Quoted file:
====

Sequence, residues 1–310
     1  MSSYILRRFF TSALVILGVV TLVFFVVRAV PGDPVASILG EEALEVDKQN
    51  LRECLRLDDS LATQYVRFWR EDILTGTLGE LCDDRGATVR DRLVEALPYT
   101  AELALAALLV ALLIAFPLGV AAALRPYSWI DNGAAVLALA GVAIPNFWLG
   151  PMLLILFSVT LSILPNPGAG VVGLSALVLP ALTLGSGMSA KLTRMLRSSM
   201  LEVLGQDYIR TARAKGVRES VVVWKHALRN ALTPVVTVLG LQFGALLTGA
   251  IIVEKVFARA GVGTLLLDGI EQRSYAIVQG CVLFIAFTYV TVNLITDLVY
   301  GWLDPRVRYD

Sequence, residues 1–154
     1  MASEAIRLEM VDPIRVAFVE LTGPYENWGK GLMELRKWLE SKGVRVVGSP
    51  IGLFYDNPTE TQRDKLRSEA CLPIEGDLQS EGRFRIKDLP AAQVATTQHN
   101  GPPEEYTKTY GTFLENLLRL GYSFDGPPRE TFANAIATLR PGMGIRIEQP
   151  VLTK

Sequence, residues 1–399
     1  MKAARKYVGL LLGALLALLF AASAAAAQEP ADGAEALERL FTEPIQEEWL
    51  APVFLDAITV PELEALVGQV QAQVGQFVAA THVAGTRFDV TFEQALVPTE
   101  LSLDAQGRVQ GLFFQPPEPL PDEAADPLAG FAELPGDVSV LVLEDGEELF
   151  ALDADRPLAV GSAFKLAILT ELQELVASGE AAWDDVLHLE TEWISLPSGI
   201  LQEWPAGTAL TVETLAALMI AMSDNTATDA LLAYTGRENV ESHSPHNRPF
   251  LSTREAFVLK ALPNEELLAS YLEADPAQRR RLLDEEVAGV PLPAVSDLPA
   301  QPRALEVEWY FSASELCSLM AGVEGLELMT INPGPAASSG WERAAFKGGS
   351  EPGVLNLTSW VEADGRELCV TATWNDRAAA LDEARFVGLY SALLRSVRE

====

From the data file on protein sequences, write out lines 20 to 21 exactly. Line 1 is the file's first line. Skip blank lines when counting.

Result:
   251  LSTREAFVLK ALPNEELLAS YLEADPAQRR RLLDEEVAGV PLPAVSDLPA
   301  QPRALEVEWY FSASELCSLM AGVEGLELMT INPGPAASSG WERAAFKGGS